Friday, January 24, 2014
Whenever I meet with students who have done poorly in the first semester, I tell them about the first English paper I turned in in college. I had never gotten less than an A in anything in my life, I was the “English” guy for big state contests, I’d won several creative writing awards, and I really thought I wanted to major in English. On my first paper, I got a C. When I went to talk to the professor, a man who wore seersucker suits and looked like a cross between Mark Twain and Colonel Sanders, he said in his genteel Virginia-tidewater accent, “Is English your first language? Your name is Russian. Are you translating as you write?”
The unfortunate thing was that he was genuinely curious and English is my first, and only, language.
And the thing was, he was right. The paper was too clever by half, full of elevated verbiage and ideas that got started but then petered out. Split-infinitives were everywhere, the Oxford Comma had apparently decided to hop a bus to Cambridge, and the whole thing rested on a very faulty argument I'd cribbed from an R.E.M. song. But, I took his advice and comments seriously, readjusted my writing process, and, in the words of my seventh grade science teacher, "Got back on the A-train."
I go on to tell my students that I bet most of their professors have a similar story somewhere back in their academic careers, so they should realize that 1) they’re not alone, 2) they can bounce back, and 3) this is an integral part of the learning experience that is often overlooked (as in, “Hell, I’m never taking Crim Law again! Let’s toss that exam and never look at it!”).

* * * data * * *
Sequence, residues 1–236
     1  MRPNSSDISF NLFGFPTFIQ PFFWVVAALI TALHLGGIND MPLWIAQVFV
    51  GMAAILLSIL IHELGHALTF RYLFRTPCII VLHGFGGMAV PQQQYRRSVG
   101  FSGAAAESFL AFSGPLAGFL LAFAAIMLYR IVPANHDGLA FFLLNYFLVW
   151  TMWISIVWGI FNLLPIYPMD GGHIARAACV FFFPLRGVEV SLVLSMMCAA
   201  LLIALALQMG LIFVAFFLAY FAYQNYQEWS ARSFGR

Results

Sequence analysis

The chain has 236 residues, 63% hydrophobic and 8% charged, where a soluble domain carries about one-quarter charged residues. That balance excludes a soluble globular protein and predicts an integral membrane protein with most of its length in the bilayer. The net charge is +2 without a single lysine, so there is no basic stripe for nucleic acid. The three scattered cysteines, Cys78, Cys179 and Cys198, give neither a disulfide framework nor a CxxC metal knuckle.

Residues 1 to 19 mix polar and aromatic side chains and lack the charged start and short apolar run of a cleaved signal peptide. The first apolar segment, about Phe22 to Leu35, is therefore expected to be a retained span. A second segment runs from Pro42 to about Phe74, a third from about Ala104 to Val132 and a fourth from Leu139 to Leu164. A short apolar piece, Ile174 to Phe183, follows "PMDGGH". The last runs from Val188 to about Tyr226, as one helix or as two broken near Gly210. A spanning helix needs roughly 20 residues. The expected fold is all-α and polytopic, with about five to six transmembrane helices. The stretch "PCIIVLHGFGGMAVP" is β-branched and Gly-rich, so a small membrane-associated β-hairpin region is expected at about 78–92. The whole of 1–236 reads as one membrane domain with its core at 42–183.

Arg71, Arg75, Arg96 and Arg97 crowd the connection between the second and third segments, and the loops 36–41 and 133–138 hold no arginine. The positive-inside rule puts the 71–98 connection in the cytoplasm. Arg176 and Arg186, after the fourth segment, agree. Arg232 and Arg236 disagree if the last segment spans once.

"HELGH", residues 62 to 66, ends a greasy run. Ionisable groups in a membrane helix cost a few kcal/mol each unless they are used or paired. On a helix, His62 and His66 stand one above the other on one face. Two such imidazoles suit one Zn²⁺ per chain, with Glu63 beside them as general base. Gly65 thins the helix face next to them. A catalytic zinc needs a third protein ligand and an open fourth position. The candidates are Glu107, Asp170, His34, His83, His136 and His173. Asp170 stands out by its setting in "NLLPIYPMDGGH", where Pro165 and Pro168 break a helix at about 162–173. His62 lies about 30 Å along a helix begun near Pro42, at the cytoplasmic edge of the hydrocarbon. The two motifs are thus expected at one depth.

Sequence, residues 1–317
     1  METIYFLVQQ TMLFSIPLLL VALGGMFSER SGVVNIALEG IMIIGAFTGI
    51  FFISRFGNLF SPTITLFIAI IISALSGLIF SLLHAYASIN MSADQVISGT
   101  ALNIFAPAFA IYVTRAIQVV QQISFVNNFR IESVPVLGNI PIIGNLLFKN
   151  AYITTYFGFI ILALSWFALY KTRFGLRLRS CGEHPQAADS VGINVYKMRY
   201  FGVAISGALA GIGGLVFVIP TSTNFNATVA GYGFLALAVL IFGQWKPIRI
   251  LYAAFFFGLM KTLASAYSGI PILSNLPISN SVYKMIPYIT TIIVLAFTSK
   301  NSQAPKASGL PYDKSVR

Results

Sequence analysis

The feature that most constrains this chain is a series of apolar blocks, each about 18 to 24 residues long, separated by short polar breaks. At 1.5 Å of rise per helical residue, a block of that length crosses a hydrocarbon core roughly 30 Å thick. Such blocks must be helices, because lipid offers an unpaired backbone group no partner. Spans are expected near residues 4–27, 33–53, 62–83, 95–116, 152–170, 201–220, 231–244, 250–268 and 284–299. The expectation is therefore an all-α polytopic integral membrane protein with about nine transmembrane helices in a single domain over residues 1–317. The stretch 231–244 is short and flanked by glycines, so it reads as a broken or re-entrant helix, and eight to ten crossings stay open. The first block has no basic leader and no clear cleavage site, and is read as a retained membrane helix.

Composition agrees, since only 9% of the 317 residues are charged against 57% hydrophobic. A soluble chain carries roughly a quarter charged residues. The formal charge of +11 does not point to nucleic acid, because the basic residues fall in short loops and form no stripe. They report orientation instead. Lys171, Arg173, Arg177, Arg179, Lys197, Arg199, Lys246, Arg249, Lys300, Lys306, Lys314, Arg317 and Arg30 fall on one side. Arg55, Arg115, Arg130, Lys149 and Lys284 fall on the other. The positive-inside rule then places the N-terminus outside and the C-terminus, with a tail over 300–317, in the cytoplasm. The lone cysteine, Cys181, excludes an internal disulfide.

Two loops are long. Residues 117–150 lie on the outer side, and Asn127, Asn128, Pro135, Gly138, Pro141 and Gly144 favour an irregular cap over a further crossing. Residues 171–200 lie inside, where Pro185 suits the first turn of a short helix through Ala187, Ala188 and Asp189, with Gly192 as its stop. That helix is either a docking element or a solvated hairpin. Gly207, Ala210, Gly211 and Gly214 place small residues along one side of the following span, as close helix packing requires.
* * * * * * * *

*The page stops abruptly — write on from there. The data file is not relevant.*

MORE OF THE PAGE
I honestly believe hitting a roadbump can sometimes be the best thing that can happen to a student. It forces the student to reflect on their learning and forces them to get better. If I had continued on my merry way without hitting that first bump I might still be scribing in bloviated sentences constructed entirely in the aether and intertwined with the thoughts and errs of beknighted folly -- or something.
So, I try to present a first semester failure as opportunity. I ask them to go over their exams with their professors to see where they fell short, then I meet with them and we make a plan to fix those holes.
And, happily, this year many, many second year students have been coming in to tell me about how they have been able to turn around their grades. While their egos may have been bruised, they have gained necessary insights into themselves and their education. And I know these insights will make them better lawyers. (Alex Ruskell)